One of the pieces of the goalie head that we have to examine is the ‘net’ itself.  The mesh that is used is very important for a goalie.  At first glance, it’s all about saving shots.  But that’s just a part of the job that a goalie has.  Like other sports in modern times, the goalie in lacrosse has to be adept at passing the ball and getting the attack started for his or her team.  Without this skill, he and his team can lose out big time to rivals.  Not only is the goalie the vaunted last line of defense, but he or she is also the beginning of the attack.  So, mesh plays a big role in helping launch the attack.  Some forms of mesh are going to be better than others.  You might want something that allows you to rip the ball better, and to get that you want a pattern that is both large and consistent.  Many contend that the 12 diamond is the best, since it is great for not only catching and passing as well.  Some people will refer to the mesh as the ‘pocket,’ and it is typically made from Nylon to help ensure that it lasts as long as possible.

Flexibility

The shaft, as discussed previously, is a big part of the stick as a whole.  In order to standout as a strong goalie, you have to have a clear game plan put in place.  You’ve got to know what you want and what fits your style the best.  In general, the head of a lacrosse stick is going to be stiffer for players as they get closer to the goal.  The more forward a player, the less stiff it needs to be since they are able to control it better.  A goalie head actually needs to be closer to that, since you need to be able to zoom it around quickly in order to make those eye-catching saves.  Keep this in mind so that you don’t get tricked in the future by wording!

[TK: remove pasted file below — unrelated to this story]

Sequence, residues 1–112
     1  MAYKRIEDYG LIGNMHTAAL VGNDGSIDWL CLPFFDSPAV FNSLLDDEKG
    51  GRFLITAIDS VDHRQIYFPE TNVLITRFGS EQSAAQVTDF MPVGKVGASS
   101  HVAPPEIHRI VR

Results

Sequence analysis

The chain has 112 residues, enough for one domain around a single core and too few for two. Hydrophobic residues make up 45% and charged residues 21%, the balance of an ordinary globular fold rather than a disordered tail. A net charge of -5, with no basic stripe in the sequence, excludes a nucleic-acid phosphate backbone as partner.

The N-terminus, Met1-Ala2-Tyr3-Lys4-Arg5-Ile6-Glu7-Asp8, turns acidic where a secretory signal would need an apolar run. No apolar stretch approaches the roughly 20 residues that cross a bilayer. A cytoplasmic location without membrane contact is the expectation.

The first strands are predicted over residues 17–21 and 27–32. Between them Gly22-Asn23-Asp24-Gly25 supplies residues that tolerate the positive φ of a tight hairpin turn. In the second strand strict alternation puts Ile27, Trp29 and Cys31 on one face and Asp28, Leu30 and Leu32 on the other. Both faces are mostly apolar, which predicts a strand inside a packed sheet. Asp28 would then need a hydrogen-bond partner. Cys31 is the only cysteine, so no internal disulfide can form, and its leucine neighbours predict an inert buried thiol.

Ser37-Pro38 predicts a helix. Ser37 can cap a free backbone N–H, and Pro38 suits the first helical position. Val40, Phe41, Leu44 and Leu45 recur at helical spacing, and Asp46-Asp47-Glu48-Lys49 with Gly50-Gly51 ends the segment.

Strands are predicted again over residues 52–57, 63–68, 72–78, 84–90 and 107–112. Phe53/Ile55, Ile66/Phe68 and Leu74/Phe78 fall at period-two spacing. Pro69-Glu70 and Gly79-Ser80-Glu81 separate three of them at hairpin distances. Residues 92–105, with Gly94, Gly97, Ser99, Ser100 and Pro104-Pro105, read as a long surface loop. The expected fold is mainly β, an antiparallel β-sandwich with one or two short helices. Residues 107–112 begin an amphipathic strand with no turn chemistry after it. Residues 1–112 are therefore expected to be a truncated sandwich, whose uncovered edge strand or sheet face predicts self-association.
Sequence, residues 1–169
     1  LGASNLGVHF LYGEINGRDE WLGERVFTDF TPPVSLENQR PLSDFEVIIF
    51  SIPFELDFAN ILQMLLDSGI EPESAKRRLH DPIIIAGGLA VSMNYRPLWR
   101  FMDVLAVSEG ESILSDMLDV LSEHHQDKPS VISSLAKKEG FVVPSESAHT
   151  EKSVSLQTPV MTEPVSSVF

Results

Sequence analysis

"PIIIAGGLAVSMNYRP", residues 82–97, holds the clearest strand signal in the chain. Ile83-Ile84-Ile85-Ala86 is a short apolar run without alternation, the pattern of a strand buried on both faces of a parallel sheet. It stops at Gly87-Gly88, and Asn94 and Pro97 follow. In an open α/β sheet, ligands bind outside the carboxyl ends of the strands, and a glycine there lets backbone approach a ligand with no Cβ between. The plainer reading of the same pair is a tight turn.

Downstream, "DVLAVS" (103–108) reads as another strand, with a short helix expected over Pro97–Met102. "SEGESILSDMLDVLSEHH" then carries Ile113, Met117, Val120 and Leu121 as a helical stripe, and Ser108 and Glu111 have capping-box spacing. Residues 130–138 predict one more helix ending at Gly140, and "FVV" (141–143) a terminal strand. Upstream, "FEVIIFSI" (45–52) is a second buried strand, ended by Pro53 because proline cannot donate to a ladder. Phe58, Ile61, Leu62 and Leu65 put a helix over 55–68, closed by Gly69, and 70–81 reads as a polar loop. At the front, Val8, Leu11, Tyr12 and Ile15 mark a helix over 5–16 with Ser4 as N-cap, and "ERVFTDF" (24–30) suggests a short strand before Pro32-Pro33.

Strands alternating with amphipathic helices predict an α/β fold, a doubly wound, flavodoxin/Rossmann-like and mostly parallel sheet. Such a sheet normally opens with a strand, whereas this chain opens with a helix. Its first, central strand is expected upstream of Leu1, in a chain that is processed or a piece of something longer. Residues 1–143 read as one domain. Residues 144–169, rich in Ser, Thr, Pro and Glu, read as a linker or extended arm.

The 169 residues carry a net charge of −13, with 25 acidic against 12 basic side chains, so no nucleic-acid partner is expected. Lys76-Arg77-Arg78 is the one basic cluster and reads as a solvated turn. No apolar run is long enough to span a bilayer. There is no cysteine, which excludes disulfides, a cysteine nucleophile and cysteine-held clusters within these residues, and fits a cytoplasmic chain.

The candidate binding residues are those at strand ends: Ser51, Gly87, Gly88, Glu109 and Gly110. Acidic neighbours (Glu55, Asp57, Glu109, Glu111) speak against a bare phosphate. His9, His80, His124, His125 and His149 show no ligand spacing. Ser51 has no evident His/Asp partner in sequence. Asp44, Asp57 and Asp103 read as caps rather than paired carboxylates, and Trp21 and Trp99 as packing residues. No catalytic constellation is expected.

The main thing to look at in regards to flexibility is at the ‘scoop’ of the head.  The goalie head’s scoop is the very top portion of the head.  This is area that is used to scoop up balls, hence the name applied to it.  For goalies, though, this area has even more importance since you have to be making saves from those shots that are just hammered in at you.  Flex works, in conjunction, with the stiffness of the stick as a whole, to help you make those saves.  What you do not want to see happen is the head flexing so much when the ball hits the stick that it bends your head and then still goes into the goal despite your best efforts at positioning yourself properly.  To make sure that doesn’t happen, many of the best goalies have decided to stick with the same heads for a very long time.  Once you have picked one, you tend to stick with it.  So, get out there and try one out so you will have a better understanding and know if it will hold on for you or not.

Narrow Or Wide